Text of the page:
The National Law Journal has reported that the American Bar Association (ABA) is now considering the possibility of making the LSAT optional for students wishing to enroll for graduation in law or Juris Doctor.
American (and most Canadian) students wishing to pursue a degree in law are required to sit for this standardized half-day test administered by the Law School Admission Council (LSAC) , scores in which are treated by law schools as a reflection of acquired reading and verbal reasoning skills among applicants. The LSAT score has been a compulsory requirement in the application package of any student applying to law school to study for a J.D. In fact, high LSAT averages in schools have usually led to higher placement of schools in many of the reputed law school rankings, leading some of them to overemphasize these scores, often at the cost of diversity and other more rounded dimensions of student profile.
Now, according to reports from multiple sources, the ABA is contemplating scrapping the mandatory requirement of LSAT qualification and instead, leaving it up to the schools to decide whether they wish to make it a necessary application component. In the past, schools such as the Massachusetts School of Law, which scrapped the LSAT requirement, were not eligible for accreditation by the ABA; if the mentioned proposal is passed, any school would have the flexibility to decide its own admissions procedure with or without LSAT requirement, and without being penalized for it. The move is expected to encourage ongoing attempts to increase diversity in law school classes.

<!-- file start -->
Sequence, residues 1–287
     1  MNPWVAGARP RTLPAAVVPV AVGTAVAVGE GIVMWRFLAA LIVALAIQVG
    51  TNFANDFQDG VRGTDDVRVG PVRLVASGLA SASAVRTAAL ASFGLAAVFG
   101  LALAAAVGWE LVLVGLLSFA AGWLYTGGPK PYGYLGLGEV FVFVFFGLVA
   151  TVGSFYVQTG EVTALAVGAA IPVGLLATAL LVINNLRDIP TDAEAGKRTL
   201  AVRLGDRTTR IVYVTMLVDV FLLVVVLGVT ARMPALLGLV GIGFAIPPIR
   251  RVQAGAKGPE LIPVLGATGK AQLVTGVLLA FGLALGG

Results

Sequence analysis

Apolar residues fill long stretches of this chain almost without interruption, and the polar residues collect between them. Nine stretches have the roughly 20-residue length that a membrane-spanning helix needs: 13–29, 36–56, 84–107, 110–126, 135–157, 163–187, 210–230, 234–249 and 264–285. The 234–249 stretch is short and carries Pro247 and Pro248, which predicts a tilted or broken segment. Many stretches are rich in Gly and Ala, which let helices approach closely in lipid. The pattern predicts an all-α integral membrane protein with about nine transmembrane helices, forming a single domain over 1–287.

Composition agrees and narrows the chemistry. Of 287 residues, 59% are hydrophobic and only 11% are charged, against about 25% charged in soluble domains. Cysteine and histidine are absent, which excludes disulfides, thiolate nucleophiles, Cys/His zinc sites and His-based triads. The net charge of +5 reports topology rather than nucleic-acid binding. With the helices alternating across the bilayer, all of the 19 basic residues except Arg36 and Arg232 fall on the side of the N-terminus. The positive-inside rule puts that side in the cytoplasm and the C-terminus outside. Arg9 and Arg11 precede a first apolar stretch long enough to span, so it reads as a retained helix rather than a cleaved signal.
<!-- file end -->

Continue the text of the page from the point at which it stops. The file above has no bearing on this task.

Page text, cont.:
However, regardless of the ABA's final recommendation in this context, most law schools are expected to continue with the LSAT as a requirement for admissions, at least for now. As pointed out by Donald J. Polden, dean of the law school at Santa Clara University in Inside HigherEd, there is still a grey area around whether policies would govern that law schools may require the test of some but not all applicants. In such a situation, it could create problems for schools in reporting data relating to applicants and students.
Moreover, even if the LSAT score is completely negated for all students, the question of coming up with an alternative measure for the relative merits of applicants, especially in decisions of financial aid awards, would be a crucial one for schools.